One of the extraordinary consequences of the last eighteen months has been the level of pent-up savings built up by the affluent consumer after a long period of lockdowns and inability to spend on holidays, eating-out and entertainment. In the US, pent-up savings are estimated to account for a whopping 8% of GDP and 12% of disposable income. In the UK, previously dull business models such as Watches of Switzerland have seen their share prices rise four times over as consumers have had nothing to spend their money on apart from expensive watches. Looser fiscal policy, looser monetary policy, a very strong banking system and the high personal savings rates has helped drive a very sharp pickup in demand.
The catch to all this remains the distinct possibility of the re-emergence of inflation. After years of quantitative easing and ultra-loose monetary policy post the Great Financial Crisis, inflation became the dog that did not bark: ultimately the long-term deflationary triumvirate of technological innovation, globalisation and ageing populations were enough to keep the lid on the inflationary genie for much of that previous decade. However, in response to the pandemic a whole new wave of easing, even lower rates and - importantly - unprecedented fiscal stimulus in terms of job packages and Biden’s latest American Rescue Plan (which at $1.9trillion is larger than most countries’ annual economic output), could well prove to be the catalyst for higher inflation. In the UK the annual rate of inflation now stands at 2.1%, the highest it has been for over two years. In the US, that annual rate had accelerated to 5% by the end of May, admittedly boosted by comparisons with figures from last year during lockdowns when prices plummeted because of collapsing demand for many goods and services.
Bond markets appeared largely unfazed given that inflationary concerns appeared to peak in late March when the US ten-year reached 1.74% from a low of 0.4% last summer. Although pretty small beef in absolute terms, it does represent the sharpest percentage increase in bond yields since the early 1980’s. However, the last two months have been characterised by a seemingly relaxed acceptance that this spike in prices is, in the words of the central bankers, “transitory”. Certainly the behaviour of the long duration, lower for longer growth stocks would support that thesis. Microsoft shares were down around 10% at one point in mid-March. By the end of June they had reached new highs and in terms of market capitalisation, along with Apple (and briefly Saudi Aramco), joined the $2 trillion club.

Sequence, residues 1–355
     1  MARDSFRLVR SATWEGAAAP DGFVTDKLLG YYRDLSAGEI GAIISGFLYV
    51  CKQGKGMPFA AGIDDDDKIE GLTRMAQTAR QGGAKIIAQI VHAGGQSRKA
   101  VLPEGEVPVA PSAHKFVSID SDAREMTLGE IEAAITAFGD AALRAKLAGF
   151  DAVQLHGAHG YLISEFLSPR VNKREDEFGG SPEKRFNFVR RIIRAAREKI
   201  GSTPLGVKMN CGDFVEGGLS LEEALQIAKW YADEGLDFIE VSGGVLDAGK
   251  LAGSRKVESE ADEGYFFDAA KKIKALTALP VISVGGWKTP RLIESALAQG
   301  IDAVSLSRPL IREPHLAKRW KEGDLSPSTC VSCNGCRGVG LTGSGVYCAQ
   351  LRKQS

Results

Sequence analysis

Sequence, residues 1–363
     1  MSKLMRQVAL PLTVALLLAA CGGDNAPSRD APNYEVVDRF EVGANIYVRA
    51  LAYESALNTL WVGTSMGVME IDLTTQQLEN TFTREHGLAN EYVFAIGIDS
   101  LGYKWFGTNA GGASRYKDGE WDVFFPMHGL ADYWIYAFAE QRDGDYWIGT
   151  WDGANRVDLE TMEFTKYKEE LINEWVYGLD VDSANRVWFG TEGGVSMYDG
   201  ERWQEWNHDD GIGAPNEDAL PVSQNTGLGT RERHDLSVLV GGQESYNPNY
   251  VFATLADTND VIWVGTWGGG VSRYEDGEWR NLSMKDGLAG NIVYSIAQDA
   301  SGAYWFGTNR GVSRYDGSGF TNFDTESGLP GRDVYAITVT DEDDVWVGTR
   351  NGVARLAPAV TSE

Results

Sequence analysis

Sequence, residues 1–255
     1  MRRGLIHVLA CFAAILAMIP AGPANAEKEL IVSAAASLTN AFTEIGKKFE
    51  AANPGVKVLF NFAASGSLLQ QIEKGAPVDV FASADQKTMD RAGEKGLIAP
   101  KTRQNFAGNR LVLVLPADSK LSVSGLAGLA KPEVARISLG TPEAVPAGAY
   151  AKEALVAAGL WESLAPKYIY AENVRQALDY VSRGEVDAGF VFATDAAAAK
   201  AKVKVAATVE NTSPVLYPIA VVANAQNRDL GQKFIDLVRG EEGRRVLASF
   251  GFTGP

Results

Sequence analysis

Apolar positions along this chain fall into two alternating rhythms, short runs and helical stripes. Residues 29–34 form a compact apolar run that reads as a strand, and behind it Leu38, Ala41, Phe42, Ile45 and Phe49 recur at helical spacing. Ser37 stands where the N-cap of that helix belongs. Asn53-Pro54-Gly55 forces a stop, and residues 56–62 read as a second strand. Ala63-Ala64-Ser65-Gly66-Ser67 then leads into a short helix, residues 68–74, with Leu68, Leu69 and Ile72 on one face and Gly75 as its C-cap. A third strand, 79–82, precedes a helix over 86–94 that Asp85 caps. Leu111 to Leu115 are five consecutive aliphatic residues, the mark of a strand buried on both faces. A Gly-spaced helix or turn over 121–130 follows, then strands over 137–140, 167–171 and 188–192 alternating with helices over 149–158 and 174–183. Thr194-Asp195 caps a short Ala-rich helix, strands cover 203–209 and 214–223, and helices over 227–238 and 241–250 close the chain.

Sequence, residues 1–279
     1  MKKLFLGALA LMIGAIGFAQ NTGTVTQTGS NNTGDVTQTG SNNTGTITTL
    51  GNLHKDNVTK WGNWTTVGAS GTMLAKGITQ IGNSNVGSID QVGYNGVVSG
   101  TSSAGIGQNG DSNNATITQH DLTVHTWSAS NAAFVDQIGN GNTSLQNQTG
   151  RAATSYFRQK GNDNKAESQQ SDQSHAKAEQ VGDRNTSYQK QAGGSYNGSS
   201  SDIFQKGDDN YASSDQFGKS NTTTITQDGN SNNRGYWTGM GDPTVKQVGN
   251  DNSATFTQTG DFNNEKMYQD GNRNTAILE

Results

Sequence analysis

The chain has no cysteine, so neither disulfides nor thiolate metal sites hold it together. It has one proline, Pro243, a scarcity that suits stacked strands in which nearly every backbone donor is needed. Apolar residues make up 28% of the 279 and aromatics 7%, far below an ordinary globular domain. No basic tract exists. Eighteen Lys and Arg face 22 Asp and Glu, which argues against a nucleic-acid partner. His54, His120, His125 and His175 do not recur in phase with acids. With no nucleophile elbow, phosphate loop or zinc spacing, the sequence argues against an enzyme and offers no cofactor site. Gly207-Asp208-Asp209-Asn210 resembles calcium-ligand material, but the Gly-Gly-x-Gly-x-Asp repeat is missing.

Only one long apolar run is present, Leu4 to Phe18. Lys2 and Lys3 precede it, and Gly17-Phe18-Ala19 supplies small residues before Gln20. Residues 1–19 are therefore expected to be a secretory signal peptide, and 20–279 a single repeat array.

The racier technology stocks accentuated this trend: the Goldman Sachs Non-Profitable Technology Index was down a third at one point and has recovered sharply since then. It is telling that, once again, just as it looked like domestic, value stocks might have their time in the sun again, it was the overseas, growth stocks that continued to post the higher returns over the six-month period.
The sharp recovery in earnings that we talked about in 2020 is now here. As ever, stock markets tend to anticipate a recovery and march ahead in advance, but as comparatives on earnings numbers become harder, markets could struggle to grow at the same pace over the next six months. Yet we enter the second half of the year with quiet optimism, grateful that a vibrant global economy shows little signs of the permanent scarring that we first feared during the depths of the pandemic last spring.